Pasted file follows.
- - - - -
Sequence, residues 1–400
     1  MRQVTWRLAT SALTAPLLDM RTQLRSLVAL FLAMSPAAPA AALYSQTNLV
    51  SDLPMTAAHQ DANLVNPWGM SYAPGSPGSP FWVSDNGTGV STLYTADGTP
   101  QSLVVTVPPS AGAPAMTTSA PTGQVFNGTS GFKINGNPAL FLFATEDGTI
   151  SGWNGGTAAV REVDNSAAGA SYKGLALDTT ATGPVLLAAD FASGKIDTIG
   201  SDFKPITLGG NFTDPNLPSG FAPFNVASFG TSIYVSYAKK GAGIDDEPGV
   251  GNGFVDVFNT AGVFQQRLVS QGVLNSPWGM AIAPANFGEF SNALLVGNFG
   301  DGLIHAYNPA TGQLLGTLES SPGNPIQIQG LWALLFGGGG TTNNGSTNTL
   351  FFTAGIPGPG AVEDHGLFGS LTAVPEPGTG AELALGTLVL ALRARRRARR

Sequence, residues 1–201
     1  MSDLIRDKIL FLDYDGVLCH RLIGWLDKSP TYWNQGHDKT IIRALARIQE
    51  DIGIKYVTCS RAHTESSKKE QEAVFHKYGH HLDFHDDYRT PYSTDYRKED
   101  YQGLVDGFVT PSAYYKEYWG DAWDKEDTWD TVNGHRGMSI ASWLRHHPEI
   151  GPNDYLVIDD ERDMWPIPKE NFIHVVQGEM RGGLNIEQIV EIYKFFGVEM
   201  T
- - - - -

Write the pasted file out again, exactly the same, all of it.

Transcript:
Sequence, residues 1–400
     1  MRQVTWRLAT SALTAPLLDM RTQLRSLVAL FLAMSPAAPA AALYSQTNLV
    51  SDLPMTAAHQ DANLVNPWGM SYAPGSPGSP FWVSDNGTGV STLYTADGTP
   101  QSLVVTVPPS AGAPAMTTSA PTGQVFNGTS GFKINGNPAL FLFATEDGTI
   151  SGWNGGTAAV REVDNSAAGA SYKGLALDTT ATGPVLLAAD FASGKIDTIG
   201  SDFKPITLGG NFTDPNLPSG FAPFNVASFG TSIYVSYAKK GAGIDDEPGV
   251  GNGFVDVFNT AGVFQQRLVS QGVLNSPWGM AIAPANFGEF SNALLVGNFG
   301  DGLIHAYNPA TGQLLGTLES SPGNPIQIQG LWALLFGGGG TTNNGSTNTL
   351  FFTAGIPGPG AVEDHGLFGS LTAVPEPGTG AELALGTLVL ALRARRRARR

Sequence, residues 1–201
     1  MSDLIRDKIL FLDYDGVLCH RLIGWLDKSP TYWNQGHDKT IIRALARIQE
    51  DIGIKYVTCS RAHTESSKKE QEAVFHKYGH HLDFHDDYRT PYSTDYRKED
   101  YQGLVDGFVT PSAYYKEYWG DAWDKEDTWD TVNGHRGMSI ASWLRHHPEI
   151  GPNDYLVIDD ERDMWPIPKE NFIHVVQGEM RGGLNIEQIV EIYKFFGVEM
   201  T